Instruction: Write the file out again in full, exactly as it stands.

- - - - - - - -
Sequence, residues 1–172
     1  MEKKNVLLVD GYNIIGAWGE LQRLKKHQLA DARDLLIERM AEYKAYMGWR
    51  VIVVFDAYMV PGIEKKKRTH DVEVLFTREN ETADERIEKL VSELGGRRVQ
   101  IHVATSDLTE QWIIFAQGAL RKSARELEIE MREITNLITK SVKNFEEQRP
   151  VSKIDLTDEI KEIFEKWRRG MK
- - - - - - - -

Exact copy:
Sequence, residues 1–172
     1  MEKKNVLLVD GYNIIGAWGE LQRLKKHQLA DARDLLIERM AEYKAYMGWR
    51  VIVVFDAYMV PGIEKKKRTH DVEVLFTREN ETADERIEKL VSELGGRRVQ
   101  IHVATSDLTE QWIIFAQGAL RKSARELEIE MREITNLITK SVKNFEEQRP
   151  VSKIDLTDEI KEIFEKWRRG MK